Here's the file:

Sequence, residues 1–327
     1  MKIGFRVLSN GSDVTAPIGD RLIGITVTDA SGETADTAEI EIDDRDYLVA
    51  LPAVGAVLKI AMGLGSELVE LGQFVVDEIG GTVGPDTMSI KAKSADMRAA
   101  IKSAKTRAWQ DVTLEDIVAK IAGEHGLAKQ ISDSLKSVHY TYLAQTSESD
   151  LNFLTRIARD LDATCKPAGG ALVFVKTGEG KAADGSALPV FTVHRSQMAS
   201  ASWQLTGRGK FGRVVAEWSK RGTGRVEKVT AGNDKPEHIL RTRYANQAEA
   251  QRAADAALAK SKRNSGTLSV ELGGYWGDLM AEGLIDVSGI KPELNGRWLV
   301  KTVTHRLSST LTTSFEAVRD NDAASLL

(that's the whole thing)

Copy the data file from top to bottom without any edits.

Sequence, residues 1–327
     1  MKIGFRVLSN GSDVTAPIGD RLIGITVTDA SGETADTAEI EIDDRDYLVA
    51  LPAVGAVLKI AMGLGSELVE LGQFVVDEIG GTVGPDTMSI KAKSADMRAA
   101  IKSAKTRAWQ DVTLEDIVAK IAGEHGLAKQ ISDSLKSVHY TYLAQTSESD
   151  LNFLTRIARD LDATCKPAGG ALVFVKTGEG KAADGSALPV FTVHRSQMAS
   201  ASWQLTGRGK FGRVVAEWSK RGTGRVEKVT AGNDKPEHIL RTRYANQAEA
   251  QRAADAALAK SKRNSGTLSV ELGGYWGDLM AEGLIDVSGI KPELNGRWLV
   301  KTVTHRLSST LTTSFEAVRD NDAASLL